|Susan’s Rant – April
Long Way Home
Walking around Times Square I see all
types of men in their military uniforms and I think of my dead dad.
My mother hates when I call my father ‘dead dad’ but it
makes me laugh and it would have made him laugh.
Throughout my life he would sprinkle little tidbits
about his Army experience. From the early days when he was in
boot camp to his Vietnam experience. The most exciting time for
him during boot camp was being a part-time pool hustler. On weekend
passes he would travel to different towns with some buddies and earn
some extra cash.
My father knew how to spread the wealth by
spending some of his extra cash on hookers.
From digging for clams in Maine, he went to the jungles of Vietnam,
where it was so hot that after you took a shower you were still sweating,
according to my dead dad. He was in Vietnam as part of his military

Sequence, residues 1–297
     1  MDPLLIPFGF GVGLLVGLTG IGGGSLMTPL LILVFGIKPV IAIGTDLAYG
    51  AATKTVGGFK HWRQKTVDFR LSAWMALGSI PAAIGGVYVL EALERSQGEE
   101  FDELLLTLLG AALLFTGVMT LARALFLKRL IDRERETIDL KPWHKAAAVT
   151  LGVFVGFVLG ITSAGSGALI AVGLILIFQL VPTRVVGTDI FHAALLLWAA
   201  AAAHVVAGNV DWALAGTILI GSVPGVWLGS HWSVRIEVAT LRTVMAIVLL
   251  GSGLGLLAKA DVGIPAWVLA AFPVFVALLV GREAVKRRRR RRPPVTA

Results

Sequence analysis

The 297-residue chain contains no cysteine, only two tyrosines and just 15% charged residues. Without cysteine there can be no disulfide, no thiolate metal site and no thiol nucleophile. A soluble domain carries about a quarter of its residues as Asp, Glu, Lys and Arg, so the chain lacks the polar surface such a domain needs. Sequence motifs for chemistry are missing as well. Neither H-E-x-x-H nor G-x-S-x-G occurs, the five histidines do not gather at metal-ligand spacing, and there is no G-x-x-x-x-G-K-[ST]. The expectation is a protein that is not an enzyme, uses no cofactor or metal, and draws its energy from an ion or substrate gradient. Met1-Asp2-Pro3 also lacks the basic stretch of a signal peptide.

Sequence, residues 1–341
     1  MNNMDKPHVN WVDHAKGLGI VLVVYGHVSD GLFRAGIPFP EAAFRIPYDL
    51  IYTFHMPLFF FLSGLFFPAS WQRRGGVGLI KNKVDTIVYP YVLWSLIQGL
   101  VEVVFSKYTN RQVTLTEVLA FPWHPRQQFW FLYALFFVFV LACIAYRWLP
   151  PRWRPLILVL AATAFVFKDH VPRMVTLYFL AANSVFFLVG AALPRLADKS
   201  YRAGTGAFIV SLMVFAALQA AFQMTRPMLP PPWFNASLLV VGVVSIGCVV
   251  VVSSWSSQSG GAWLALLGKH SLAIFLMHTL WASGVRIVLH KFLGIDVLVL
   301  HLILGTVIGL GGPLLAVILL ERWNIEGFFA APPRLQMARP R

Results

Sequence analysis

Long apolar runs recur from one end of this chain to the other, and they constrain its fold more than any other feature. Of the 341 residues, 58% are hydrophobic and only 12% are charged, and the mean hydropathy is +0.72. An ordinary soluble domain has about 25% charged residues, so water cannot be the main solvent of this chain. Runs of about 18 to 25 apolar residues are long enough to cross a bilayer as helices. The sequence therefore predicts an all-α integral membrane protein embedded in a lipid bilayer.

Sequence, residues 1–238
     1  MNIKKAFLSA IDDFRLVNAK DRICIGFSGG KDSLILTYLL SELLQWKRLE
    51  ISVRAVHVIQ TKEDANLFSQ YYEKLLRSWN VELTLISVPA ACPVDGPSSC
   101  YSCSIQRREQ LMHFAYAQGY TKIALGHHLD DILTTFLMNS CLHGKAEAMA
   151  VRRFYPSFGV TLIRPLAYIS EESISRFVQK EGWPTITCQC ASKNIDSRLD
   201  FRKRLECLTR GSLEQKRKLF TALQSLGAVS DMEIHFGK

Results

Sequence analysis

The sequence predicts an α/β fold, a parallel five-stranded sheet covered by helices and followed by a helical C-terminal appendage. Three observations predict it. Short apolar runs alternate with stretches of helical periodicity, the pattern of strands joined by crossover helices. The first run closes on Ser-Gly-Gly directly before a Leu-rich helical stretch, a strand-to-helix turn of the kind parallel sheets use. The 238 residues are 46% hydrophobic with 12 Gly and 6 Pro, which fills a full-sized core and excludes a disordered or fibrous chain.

duty and was not drafted. This meant he was part of the few men
there not loaded up on pills or stoned on pot to escape the reality
of war. For my father, this was his job.
One of the interesting strategies of the Vietcong for getting rid
of the US soldiers was by spreading sexual transmitted disease through
the hookers. The Army made sure that certain whore houses were
military friendly and disease free. One of my father’s many duties
was being part of the team that made sure all the working girls were
getting their examinations and penicillin. Seems my father could
never escape hookers until he got married.
Looking back, I realized how lucky I was that my father didn’t
go crazy and become the town drunk. He took care of his family. He
was always there for me when I was growing up. My father was the
coach of my T-ball team.
T-ball is a no-skill form or bastard cousin
of baseball and is perfect for anyone who has use of their arms and
legs. The ball is on a stand, you hit it and run. T-Ball
would make a great drinking game and at the same time confuse potheads.
The army allowed my father to travel the world and learn how to kill
people. Also, gave him a sense of discipline, honor and legal
access to hookers.
Whenever I see a homeless guy with a sign that
says they served in Vietnam, I have to give him some money even if
he looks 20 years old.
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